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Materials Diamond Blades Cut Through


After concrete is poured, the concrete cures and is typically set for a minimum of 48 hours. After 48 hours, the sand will be bonded with the mortar forming the concrete into its full hardness. The time that the concrete has been cured for, will affect how your diamond blade performs.

Green Concrete

Green refers to the state of the concrete before it has set. Within a window of about 6 to 48 hours from the time the concrete was poured, the concrete is determined to be Green. This is a state where the sand and the mortar have not yet bonded, and the concrete is softer. The soft concrete causes more abrasion to the diamond blade but the cuts can occur faster because the slurry is able to part easily.

Green concrete cutting is common on roads, highways, and driveways

Steel Reinforcement

Steel rebar or mesh is often used in concrete to reinforce a structure. Any time you cut through steel it will greatly impact the longevity of your blade and cause  slower cutting rates.

To measure the longevity of your blade when cutting steel:

  1. 1% steel can reduce your blade to roughly 25%
  2. 3% steel can reduce your blade to roughly 75%


Asphalt does not bond like concrete. The sand in the Asphalt never fully bonds causing an incredibly higher level of abrasion wearing down on your diamond blade.

A similar blade is needed for cutting green concrete to make sure the steel core of the blade is enforced enough to handle your cut safely.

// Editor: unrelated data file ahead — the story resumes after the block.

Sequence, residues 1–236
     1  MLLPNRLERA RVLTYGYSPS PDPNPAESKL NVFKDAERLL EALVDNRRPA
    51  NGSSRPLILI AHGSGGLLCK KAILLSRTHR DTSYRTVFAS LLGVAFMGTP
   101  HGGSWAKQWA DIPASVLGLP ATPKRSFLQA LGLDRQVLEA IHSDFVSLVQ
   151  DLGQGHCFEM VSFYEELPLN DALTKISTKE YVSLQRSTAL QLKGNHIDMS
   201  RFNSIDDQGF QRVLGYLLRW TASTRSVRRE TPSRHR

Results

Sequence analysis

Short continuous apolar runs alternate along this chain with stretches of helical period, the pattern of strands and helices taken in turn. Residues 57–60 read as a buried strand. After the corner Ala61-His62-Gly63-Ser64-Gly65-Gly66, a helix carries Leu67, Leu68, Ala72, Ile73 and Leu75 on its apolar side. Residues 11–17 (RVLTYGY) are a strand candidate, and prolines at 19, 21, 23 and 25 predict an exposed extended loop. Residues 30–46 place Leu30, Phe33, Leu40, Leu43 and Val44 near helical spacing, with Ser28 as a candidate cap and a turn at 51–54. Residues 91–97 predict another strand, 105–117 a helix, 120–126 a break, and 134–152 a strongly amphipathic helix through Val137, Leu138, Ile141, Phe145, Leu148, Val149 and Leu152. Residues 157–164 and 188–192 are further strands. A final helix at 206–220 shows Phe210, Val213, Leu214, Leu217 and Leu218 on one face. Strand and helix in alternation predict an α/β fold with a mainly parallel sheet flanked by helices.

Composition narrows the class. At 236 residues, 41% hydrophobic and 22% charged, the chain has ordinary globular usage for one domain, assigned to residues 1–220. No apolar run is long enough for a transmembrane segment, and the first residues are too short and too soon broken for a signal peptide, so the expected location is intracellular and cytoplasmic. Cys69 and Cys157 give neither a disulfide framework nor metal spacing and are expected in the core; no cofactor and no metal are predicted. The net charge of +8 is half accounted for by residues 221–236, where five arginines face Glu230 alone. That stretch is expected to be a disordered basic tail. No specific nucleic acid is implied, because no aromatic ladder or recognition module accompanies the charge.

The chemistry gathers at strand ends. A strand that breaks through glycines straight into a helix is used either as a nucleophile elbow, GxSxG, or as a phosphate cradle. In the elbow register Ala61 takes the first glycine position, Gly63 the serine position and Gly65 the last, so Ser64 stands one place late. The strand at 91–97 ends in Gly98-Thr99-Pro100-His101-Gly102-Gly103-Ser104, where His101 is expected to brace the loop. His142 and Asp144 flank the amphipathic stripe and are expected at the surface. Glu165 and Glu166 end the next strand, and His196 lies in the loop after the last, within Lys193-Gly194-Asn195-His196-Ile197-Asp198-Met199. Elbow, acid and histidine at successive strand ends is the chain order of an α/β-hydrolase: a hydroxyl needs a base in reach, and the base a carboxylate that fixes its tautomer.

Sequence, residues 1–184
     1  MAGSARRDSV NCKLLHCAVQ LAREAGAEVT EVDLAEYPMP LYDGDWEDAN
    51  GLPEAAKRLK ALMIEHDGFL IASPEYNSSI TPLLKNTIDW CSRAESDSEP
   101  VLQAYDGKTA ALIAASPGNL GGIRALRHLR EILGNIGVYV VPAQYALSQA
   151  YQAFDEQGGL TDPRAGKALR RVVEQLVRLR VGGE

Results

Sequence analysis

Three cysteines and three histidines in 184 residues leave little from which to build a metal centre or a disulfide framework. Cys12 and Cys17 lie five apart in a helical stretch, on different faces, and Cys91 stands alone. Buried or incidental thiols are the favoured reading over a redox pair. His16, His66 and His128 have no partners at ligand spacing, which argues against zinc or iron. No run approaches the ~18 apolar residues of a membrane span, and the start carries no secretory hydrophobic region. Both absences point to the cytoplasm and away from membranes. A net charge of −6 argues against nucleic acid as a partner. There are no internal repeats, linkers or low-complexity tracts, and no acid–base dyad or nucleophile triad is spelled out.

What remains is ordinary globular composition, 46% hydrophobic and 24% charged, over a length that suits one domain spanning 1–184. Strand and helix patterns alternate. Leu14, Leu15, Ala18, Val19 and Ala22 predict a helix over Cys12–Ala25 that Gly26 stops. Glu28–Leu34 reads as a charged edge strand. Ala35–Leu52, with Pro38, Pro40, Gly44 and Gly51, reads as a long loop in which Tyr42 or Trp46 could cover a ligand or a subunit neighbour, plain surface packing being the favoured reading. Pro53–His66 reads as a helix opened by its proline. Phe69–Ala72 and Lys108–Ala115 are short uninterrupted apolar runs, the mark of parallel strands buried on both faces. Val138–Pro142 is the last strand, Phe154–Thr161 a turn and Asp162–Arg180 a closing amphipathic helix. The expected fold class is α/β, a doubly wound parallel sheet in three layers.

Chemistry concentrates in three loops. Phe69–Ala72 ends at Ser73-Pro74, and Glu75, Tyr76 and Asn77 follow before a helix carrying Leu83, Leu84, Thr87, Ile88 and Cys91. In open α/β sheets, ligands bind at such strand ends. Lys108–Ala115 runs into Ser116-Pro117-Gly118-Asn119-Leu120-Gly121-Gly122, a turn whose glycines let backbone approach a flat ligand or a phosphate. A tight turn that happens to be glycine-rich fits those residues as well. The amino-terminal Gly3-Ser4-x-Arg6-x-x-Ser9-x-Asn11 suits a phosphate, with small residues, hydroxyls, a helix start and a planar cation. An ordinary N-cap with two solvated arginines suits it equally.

If you cut through (and this cut is not recommended) the sub-base layer of Asphalt, there is a lot of harsh materials like dirt and sand. This type of cut drastically reduces the life of your blade.

Brick & Blocks

Bricks tend to be harder materials from the mixture, method of manufacturing, and the temperature the bricks were fired at. Blocks are softer and will be more abrasive on your diamond blades.


If in doubt about your blade, best to consult an expert. Natural stone can contain various levels of hardness and it can make getting a diamond blade difficult. We have experts that can help.


Tile is incredibly easy to chip because of the density of the material places it higher for the scale of hardess. It will also depend on how the tile was manufactured.

Our team of experts, recommends always using a Continuous Rim blade or Fish Scale blade to reduce the chipping while completing your cut.

When in doubt, contact an expert.

Our team of professionals would be happy to answer all of your questions and get you a perfect blade for your project. 

Contact us today



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